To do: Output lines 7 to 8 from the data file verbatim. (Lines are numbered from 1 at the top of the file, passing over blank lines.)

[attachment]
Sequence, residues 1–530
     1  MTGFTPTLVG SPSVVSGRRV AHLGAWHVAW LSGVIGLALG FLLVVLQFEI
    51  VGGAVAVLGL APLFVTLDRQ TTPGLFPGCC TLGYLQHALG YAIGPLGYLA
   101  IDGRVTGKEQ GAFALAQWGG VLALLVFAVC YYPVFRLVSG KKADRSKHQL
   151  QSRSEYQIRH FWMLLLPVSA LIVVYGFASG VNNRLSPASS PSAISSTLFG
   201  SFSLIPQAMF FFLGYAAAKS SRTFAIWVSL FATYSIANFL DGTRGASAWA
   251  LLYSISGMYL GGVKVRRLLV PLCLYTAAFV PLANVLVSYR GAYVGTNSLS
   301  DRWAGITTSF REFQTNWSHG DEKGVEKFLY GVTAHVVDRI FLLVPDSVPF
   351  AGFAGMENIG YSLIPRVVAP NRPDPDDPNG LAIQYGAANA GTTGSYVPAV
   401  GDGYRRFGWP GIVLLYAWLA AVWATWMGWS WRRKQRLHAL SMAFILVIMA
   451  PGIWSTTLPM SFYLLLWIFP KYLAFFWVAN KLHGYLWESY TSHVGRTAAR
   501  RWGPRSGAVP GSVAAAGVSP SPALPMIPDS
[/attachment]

   251  LLYSISGMYL GGVKVRRLLV PLCLYTAAFV PLANVLVSYR GAYVGTNSLS
   301  DRWAGITTSF REFQTNWSHG DEKGVEKFLY GVTAHVVDRI FLLVPDSVPF